[POST-BROADCAST NOTE: Reuters issued an advisory indicating that the column written by David Cay Johnson, on which this interview with Johnson was based, was wrong. We will provide further clarification as information becomes available.]
STEVE INSKEEP, host:
As British investigators dig for details in the News Corp. scandal, a columnist for Reuters looked at some financial figures that were already public. News Corp. is a publicly traded American company, meaning it must disclose financial information. So columnist David Cay Johnston ran the numbers on how much News Corp. made in the last four years and the taxes it paid on those earnings.
Mr. DAVID CAY JOHNSTON (Columnist): Murdoch's company News Corporation made over $10 billion in profits over the last four years, and their tax came to $4.8 billion negative. That is they made $4.8 billion from tax refunds.
INSKEEP: Wait, wait, wait, wait, wait. I've heard of people eliminating their tax burden down to zero. General Electric was criticized for getting its tax burden down to zero. But you're saying that News Corporation was actually paid by the United States government?
Mr. JOHNSTON: Almost $5 billion, which would increase their profits, if you looked at it that way, by almost 50 percent.
INSKEEP: And I have to clarify this again, because many of us Americans receive tax refunds, but usually that just reduces our total tax bill. How do you get a tax refund that causes you to have a negative tax burden, as a corporation?
Mr. JOHNSTON: Well, America has two tax systems, separate and unequal. One is for you and me and the listeners, and we pay each year. But if you're a corporation, you're allowed to reach back - in some cases 20 years - and to carry forward for many years tax losses and tax benefits that smooth out your tax bill.
Now, the second thing that Mr. Rupert Murdoch does that's very important is among the hundred largest companies in America, News Corporation ranks third in the number of tax haven subsidiaries. And when you have a tax haven subsidiary - the Cayman Islands, Bermuda, Panama - what you do is you take expenses in the United States, and then you take the profit in the tax haven where they don't pay a tax on them.
INSKEEP: So even though your company is making a profit, you show the IRS that you made a theoretical loss in the United States.
Mr. JOHNSTON: That's right. And what you do is you look to investors like a gold-plated company and you look to the IRS like you're a moth-eaten failure.
INSKEEP: Is it unusual for a company to drive its tax burden so low that it actually makes money from the government?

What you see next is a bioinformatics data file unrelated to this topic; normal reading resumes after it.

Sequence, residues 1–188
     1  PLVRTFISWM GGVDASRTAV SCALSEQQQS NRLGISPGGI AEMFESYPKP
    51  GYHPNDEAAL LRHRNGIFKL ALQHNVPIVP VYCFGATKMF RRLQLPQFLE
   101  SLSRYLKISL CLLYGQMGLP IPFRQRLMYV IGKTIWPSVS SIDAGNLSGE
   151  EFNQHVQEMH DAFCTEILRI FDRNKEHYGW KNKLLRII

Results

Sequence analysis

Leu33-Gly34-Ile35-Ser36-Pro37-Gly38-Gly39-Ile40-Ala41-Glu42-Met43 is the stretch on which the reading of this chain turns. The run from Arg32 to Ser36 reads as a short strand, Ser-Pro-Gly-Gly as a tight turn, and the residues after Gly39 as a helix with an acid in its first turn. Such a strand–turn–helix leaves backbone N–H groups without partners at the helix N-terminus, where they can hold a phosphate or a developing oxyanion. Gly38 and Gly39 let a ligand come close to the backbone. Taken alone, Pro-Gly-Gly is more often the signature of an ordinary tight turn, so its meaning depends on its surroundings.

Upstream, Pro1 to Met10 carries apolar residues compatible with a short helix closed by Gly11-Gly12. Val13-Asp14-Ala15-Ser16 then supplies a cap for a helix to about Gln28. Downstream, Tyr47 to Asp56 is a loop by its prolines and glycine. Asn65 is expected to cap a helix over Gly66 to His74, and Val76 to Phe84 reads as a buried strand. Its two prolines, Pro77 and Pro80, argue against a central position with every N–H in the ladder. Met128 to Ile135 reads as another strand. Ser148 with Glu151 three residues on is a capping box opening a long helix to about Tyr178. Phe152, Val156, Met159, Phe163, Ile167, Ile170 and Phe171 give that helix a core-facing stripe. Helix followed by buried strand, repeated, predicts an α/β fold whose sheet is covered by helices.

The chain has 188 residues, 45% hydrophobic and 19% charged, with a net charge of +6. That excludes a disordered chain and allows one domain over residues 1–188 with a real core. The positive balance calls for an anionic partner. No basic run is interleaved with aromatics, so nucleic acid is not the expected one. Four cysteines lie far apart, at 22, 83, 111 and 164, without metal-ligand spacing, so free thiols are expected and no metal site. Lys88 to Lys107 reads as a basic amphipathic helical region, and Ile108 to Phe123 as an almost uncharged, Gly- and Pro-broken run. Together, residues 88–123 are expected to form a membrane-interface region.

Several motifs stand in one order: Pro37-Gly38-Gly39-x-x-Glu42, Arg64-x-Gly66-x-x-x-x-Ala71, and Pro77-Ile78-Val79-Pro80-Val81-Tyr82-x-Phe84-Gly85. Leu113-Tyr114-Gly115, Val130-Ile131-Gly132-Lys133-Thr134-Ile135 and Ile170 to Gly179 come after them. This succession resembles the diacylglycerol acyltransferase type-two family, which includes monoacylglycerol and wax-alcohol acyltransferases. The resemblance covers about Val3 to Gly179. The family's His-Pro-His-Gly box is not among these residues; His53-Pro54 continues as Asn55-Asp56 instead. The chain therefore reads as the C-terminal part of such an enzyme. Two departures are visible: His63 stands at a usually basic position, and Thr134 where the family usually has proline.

Mr. JOHNSTON: It's not uncommon, but it's not the norm. For all but the 12,000 largest companies in America - those are ones that are worth billions of dollars, they're the household name companies - the corporate tax every year runs about 32 percent of their profits and the rate's 35. So they're paying their full bill. For the very biggest companies, the average is less than 20 percent. And we have, of course, famous examples like GE and the News Corp., which year after year after year pay little tax. And at the other end we have The New York Times Company, whose average tax rate over the last 10 years has been 71 percent of its profits - double the statutory rate.
INSKEEP: Wow. So then New York Times accountants really ought to get with it.
Mr. JOHNSTON: They made a purchase that they were not allowed to deduct under the tax system called the Boston Globe, and they have been paying dearly for it ever since.
INSKEEP: Is there anything illegal, as far as you can tell, in what News Corporation did in order to get billions of dollars from the U.S. and other governments?
Mr. JOHNSTON: Steve, there's absolutely no indication that in the tax area, the News Corporation has done anything that is illegal. And that's the scandal, is that it's legal to do many of these things. Hacking into people's cell phones, interfering in murder investigations, paying off Scotland Yard cops, that's a crime - now a whole bunch of crimes. But the tax material, the scandal is the law that they simply exploit brilliantly by hiring really smart people to do it.
INSKEEP: David Cay Johnston, it's a pleasure speaking with you.
Mr. JOHNSTON: Thank you, Steve.
INSKEEP: David Cay Johnston is the author of the book "Free Lunch."
NPR transcripts are created on a rush deadline by Verb8tm, Inc., an NPR contractor, and produced using a proprietary transcription process developed with NPR. This text may not be in its final form and may be updated or revised in the future. Accuracy and availability may vary. The authoritative record of NPR’s programming is the audio record.